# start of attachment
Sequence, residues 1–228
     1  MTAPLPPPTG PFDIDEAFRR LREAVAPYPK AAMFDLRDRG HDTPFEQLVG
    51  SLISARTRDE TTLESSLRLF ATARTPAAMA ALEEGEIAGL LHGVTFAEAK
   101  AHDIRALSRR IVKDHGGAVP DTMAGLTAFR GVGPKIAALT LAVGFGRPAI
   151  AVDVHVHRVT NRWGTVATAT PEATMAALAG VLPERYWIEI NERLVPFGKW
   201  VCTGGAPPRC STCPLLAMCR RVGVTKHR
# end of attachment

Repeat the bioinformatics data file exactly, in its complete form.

Sequence, residues 1–228
     1  MTAPLPPPTG PFDIDEAFRR LREAVAPYPK AAMFDLRDRG HDTPFEQLVG
    51  SLISARTRDE TTLESSLRLF ATARTPAAMA ALEEGEIAGL LHGVTFAEAK
   101  AHDIRALSRR IVKDHGGAVP DTMAGLTAFR GVGPKIAALT LAVGFGRPAI
   151  AVDVHVHRVT NRWGTVATAT PEATMAALAG VLPERYWIEI NERLVPFGKW
   201  VCTGGAPPRC STCPLLAMCR RVGVTKHR